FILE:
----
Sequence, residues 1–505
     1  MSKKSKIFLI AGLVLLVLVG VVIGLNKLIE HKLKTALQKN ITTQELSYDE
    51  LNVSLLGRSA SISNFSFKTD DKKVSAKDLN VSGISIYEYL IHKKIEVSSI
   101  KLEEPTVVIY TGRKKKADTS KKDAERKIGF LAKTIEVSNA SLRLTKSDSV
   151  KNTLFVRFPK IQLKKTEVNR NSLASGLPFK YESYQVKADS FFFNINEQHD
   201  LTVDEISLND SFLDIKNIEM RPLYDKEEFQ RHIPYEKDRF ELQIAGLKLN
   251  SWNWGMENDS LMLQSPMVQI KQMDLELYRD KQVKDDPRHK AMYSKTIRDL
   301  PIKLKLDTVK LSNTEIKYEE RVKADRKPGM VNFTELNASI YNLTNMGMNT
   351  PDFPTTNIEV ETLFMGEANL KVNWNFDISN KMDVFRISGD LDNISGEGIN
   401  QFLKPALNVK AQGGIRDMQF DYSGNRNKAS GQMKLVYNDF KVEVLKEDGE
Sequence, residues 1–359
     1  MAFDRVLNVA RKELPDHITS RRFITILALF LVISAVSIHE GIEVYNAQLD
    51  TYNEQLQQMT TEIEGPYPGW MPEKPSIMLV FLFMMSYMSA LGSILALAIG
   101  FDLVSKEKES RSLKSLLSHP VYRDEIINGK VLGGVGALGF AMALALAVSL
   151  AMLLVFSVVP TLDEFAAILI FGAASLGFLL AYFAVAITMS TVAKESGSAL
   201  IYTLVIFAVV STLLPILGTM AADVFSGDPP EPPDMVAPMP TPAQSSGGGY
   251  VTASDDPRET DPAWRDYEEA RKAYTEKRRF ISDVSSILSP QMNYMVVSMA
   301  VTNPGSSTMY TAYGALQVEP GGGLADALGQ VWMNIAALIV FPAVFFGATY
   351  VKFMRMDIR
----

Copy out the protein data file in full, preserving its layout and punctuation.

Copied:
Sequence, residues 1–505
     1  MSKKSKIFLI AGLVLLVLVG VVIGLNKLIE HKLKTALQKN ITTQELSYDE
    51  LNVSLLGRSA SISNFSFKTD DKKVSAKDLN VSGISIYEYL IHKKIEVSSI
   101  KLEEPTVVIY TGRKKKADTS KKDAERKIGF LAKTIEVSNA SLRLTKSDSV
   151  KNTLFVRFPK IQLKKTEVNR NSLASGLPFK YESYQVKADS FFFNINEQHD
   201  LTVDEISLND SFLDIKNIEM RPLYDKEEFQ RHIPYEKDRF ELQIAGLKLN
   251  SWNWGMENDS LMLQSPMVQI KQMDLELYRD KQVKDDPRHK AMYSKTIRDL
   301  PIKLKLDTVK LSNTEIKYEE RVKADRKPGM VNFTELNASI YNLTNMGMNT
   351  PDFPTTNIEV ETLFMGEANL KVNWNFDISN KMDVFRISGD LDNISGEGIN
   401  QFLKPALNVK AQGGIRDMQF DYSGNRNKAS GQMKLVYNDF KVEVLKEDGE
Sequence, residues 1–359
     1  MAFDRVLNVA RKELPDHITS RRFITILALF LVISAVSIHE GIEVYNAQLD
    51  TYNEQLQQMT TEIEGPYPGW MPEKPSIMLV FLFMMSYMSA LGSILALAIG
   101  FDLVSKEKES RSLKSLLSHP VYRDEIINGK VLGGVGALGF AMALALAVSL
   151  AMLLVFSVVP TLDEFAAILI FGAASLGFLL AYFAVAITMS TVAKESGSAL
   201  IYTLVIFAVV STLLPILGTM AADVFSGDPP EPPDMVAPMP TPAQSSGGGY
   251  VTASDDPRET DPAWRDYEEA RKAYTEKRRF ISDVSSILSP QMNYMVVSMA
   301  VTNPGSSTMY TAYGALQVEP GGGLADALGQ VWMNIAALIV FPAVFFGATY
   351  VKFMRMDIR